The aviation industry supports balanced and thoughtful regulation of chemicals—with a goal of across-the-board public safety. As the Competitiveness Council meets today, with Europe’s REACH regulations on the agenda, the industry hopes it will keep in mind that balanced approach. The EU REACH (short for review, evaluation, and authorization of chemicals) regulation came into force in 2005. The aviation sector supports its overall goals, but it has some concerns about potential bans on substances that have critical use in aerospace often with safety implications.
Chemicals, like chromates for example, prevent corrosion and wear on aircraft fuselages and components. Many of these products are essential to aviation safety—indeed, their use is necessary for airlines and aerospace firms to certify compliance with the safety agencies’ requirements.
In some cases, these products have no viable near-term replacement. Boeing and other industry partners are engaged in intense research to find next-generation agents, but there is currently no single product that can replace the full usefulness of these chemicals. And even if a replacement were to become available soon, it would need to be fully tested and certified for safety and phased in slowly in order to be compatible with aircraft already in service.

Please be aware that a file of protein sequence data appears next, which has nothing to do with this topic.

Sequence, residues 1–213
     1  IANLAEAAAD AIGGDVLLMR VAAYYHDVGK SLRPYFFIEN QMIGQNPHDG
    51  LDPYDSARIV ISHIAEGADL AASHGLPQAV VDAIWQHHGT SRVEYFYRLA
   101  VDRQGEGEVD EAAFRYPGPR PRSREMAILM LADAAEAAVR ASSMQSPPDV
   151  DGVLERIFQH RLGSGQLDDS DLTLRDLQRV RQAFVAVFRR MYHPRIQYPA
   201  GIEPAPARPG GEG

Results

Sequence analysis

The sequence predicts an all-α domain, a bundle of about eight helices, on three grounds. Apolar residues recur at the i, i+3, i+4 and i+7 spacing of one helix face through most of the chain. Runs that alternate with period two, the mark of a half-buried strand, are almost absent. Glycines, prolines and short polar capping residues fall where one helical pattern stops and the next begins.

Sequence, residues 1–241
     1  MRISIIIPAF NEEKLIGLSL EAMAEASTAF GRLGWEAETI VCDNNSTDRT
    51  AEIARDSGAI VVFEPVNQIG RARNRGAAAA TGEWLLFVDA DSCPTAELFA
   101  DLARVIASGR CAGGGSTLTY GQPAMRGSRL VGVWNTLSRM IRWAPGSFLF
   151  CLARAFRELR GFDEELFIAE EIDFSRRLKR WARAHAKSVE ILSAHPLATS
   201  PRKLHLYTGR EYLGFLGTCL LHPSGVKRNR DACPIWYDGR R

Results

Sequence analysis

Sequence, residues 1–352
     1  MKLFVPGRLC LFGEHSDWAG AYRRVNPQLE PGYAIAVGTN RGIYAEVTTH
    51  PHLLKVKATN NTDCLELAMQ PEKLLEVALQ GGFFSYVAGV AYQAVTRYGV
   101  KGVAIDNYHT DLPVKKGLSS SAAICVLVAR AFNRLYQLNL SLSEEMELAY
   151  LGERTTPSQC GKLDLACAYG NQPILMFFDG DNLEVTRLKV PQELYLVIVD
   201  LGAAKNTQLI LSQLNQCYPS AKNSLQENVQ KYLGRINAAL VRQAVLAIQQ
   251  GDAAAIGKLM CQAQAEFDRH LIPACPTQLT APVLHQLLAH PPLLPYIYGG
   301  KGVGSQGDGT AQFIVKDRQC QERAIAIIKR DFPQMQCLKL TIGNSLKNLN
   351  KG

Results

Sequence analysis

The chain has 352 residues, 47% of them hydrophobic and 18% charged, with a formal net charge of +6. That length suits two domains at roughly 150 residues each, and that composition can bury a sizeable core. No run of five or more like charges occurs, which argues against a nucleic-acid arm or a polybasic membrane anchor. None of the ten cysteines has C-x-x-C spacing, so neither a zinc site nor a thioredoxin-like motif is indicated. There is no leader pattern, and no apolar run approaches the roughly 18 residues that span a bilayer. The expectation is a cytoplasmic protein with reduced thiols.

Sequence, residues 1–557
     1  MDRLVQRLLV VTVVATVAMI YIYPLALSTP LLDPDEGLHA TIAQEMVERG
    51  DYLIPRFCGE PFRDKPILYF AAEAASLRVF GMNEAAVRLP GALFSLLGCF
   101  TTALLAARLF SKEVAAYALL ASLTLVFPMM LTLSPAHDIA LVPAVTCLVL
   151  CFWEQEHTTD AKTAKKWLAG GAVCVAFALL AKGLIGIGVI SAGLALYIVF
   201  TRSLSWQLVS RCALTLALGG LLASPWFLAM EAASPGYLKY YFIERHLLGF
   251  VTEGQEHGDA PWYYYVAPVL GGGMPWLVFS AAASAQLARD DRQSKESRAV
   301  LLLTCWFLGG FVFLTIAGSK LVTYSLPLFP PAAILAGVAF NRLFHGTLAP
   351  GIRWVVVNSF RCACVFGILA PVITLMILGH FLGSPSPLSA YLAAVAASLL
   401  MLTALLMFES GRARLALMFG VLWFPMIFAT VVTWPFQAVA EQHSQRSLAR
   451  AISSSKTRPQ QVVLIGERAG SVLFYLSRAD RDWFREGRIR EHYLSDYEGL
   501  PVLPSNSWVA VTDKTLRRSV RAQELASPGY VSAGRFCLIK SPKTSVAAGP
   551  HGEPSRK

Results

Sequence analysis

It will be important therefore that the Commission and the Competitiveness Council consider the specific situation of aerospace in the REACH process. These chemicals are absolutely necessary for safety, and more coordination and dialogue with industry and the safety authorities are necessary to prevent deeply adverse effects on the competitiveness of European airlines and aerospace firms. A balanced approach to chemical safety will take the bigger picture into consideration.